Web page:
That’s tricky. Unless you don’t count Lokal, of course, then it could be the Oodi library.

My favorite example of tech innovation in Helsinki: 
As I’m not a very tech person, I can’t think of any.

My favorite local media (newspaper/magazine/website/social media account):
I just stumbled on something on Instagram that looks very good and promising, BUM Editions.

My favorite thing at home: 
The big kitchen and round table. Under normal circumstances, this is where we all gather, in smaller or bigger groups, but always an enjoyment.

Oodi library
BUM Edition 1


All Matters / Studio’s new rugs offer endless flexibility

The Stockholm-based design studio is founded by a Danish architect and a Swedish entrepreneur who previously, among many other things, came up with the idea for Swedish bike brand Vélosophy about launching a bike out of recycled Nespresso capsules. The next step is to create high-quality, really flexible interior products.

First launched at 3 Days of Design in Copenhagen last fall, the debuting product WOODEN LINK 01 is a modular system of carpets in various sizes. They can be linked together forming a unique rug constellation, that can be changed by adding, subtracting, or changing the modules. This gives the customer the opportunity to change the rug’s look, shape, size, and color in a scalable system, aiming for high-end private homes and public spaces, such as lounges or hotels.

When designing, ALL MATTERS / STUDIO had a few issues in mind. A regular rug comes with a fixed size and patterns or colours are impossible to change, so when moving, it’s clearly one of the items which might be hard to fit in a new home. And, accidents might happen and the entire rug needs cleaning. Some accidents might even be irreversible. However, most of them are made of combined material, making it hard to recycle.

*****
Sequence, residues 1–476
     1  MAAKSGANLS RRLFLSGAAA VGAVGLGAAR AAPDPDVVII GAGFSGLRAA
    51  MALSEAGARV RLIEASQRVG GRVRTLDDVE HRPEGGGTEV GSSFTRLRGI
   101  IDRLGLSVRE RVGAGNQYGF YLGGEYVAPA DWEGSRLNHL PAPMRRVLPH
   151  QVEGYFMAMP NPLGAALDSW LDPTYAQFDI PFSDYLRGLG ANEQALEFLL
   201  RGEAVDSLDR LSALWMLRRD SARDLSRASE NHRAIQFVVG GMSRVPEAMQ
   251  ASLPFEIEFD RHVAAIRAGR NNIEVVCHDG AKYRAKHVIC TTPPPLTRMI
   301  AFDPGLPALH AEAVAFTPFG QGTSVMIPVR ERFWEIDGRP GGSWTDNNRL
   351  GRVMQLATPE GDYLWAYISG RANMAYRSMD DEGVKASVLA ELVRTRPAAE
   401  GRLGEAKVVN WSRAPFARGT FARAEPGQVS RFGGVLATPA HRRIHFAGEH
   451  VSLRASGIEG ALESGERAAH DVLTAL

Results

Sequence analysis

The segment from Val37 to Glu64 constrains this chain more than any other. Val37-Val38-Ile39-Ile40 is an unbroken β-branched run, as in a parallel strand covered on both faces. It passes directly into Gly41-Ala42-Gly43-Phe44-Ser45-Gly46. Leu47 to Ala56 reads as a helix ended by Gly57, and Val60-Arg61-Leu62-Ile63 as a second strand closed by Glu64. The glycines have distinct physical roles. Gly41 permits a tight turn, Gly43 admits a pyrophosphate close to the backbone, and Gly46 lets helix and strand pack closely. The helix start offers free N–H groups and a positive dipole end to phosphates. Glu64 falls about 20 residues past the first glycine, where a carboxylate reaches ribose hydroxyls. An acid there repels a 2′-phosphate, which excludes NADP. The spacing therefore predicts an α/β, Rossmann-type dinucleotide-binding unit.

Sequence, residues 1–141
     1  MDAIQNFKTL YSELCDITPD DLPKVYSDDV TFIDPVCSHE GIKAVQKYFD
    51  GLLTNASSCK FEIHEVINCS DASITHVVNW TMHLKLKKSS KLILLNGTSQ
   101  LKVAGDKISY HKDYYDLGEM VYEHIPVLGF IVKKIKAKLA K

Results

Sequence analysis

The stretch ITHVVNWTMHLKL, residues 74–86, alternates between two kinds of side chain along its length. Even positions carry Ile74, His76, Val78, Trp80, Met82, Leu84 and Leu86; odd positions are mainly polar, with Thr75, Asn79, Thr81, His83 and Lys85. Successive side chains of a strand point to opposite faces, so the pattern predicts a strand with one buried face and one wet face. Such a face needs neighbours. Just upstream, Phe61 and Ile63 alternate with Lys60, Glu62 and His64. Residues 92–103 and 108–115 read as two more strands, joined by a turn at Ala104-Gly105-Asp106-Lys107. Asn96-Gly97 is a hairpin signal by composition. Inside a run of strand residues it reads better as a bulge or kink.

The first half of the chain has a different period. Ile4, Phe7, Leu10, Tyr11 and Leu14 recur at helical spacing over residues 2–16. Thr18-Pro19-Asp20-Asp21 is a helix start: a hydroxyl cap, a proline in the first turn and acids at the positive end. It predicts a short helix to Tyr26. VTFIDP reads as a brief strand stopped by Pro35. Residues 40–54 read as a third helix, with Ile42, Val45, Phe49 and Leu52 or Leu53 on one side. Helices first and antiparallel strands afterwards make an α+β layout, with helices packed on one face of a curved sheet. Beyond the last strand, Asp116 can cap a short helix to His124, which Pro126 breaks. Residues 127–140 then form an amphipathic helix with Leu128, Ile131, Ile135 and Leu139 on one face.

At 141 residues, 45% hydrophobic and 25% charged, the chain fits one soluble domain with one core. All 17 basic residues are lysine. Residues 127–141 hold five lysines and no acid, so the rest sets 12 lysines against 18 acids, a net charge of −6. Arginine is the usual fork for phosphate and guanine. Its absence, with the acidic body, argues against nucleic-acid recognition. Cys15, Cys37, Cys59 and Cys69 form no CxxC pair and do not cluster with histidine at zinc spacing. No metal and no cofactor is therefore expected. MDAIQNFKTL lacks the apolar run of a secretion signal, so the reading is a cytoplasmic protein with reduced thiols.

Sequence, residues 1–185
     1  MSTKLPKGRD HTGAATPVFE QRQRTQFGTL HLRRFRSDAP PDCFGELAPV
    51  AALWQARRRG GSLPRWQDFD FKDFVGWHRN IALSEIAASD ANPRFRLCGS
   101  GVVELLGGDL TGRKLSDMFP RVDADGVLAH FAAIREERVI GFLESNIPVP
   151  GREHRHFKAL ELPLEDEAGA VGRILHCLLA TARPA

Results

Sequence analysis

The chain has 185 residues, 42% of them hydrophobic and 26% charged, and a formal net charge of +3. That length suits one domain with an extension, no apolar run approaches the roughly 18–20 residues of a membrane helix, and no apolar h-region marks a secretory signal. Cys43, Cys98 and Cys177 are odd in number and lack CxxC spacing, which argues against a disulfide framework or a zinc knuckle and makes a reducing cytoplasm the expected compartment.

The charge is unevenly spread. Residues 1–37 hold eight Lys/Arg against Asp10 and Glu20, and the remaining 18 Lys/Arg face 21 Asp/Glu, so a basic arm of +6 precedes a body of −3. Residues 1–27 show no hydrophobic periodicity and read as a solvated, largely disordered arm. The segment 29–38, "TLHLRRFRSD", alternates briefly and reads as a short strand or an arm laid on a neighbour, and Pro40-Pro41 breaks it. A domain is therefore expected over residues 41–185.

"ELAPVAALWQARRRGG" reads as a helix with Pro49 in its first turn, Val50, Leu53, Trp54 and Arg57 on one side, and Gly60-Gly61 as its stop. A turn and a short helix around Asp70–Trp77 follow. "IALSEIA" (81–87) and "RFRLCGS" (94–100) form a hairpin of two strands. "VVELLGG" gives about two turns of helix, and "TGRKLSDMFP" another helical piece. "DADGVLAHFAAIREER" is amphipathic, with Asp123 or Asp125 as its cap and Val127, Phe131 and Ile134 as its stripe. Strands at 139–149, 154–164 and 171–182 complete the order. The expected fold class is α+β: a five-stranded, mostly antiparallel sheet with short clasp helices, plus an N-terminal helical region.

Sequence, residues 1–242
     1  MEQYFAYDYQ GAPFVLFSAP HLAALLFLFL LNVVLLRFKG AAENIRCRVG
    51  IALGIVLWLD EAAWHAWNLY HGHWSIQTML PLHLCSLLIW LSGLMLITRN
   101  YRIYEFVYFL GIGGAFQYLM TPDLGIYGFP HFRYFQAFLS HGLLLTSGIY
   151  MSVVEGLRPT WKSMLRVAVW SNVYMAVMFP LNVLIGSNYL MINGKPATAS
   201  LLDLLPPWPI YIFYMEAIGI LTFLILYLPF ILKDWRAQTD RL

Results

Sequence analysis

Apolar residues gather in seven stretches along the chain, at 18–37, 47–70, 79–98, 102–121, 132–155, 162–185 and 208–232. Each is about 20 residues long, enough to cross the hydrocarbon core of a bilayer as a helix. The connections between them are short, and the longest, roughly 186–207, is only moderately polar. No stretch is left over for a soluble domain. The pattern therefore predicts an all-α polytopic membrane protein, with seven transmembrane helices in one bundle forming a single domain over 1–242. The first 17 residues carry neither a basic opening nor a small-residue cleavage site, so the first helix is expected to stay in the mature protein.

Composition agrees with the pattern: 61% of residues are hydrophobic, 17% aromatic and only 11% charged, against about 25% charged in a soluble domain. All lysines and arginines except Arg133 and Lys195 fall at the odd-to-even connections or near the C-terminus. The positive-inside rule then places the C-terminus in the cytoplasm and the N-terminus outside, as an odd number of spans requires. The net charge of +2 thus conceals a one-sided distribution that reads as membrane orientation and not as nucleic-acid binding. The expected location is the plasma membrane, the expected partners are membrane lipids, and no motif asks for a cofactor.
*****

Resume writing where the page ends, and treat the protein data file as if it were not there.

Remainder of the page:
But, using a flexible system is more manageable and easy to handle than a big regular size carpet. And the way the different units can be combined in various constellations and color combinations make it adaptable to ever-changing home environments, prolonging the product’s life span. The customer can choose units made from yarns such as merino wool, bamboo, lyocell, and a combination of bamboo and linen. The links are made of leather from Sørensen — the only leather product marked with the Nordics’ official ecolabel, the Swan.


Interior design agency Fyra explores the new era of office environments

Awarded Interior Architecture Agency of the Year 2020 by the Finnish Association of Interior Architects (SIO), Helsinki-based design office Fyra now conducts active research with its clients to test out new procedures for post-pandemic office spaces.

—The focus of offices is shifting from independent workstations to spaces that facilitate collaboration and project work, says Niina Sihto.

One of the developed solutions is the space in a space Oasis, designed in cooperation with green wall company Naava. The lightweight modifiable structure is made with a plywood frame and acrylic walls and produced by local carpenters. It makes it possible to maintain distance and privacy while keeping a shared space and the green walls clean and humidify the air.

— The time of the pandemic has clearly resulted in an increased need for people-centric and wellbeing-boosting design of office spaces. Biophilic spatial design, which aims to create natural-like environments in interiors and reconnect people to nature, is on the rise, says Sihto.

One obvious essential aspect of the new normal is a well-equipped home office. Remote offices are here to stay and remote working is changing our lives in a significant way. Fyra has designed the Fem working desk together with Made by Choice. It enables ergonomic working at home and also functions as a multi-use piece of furniture at home. The simple yet modifiable structure makes it possible to work by either sitting down or standing up. Or, turn into a simple shelving structure or, for instance, a kitchen side table.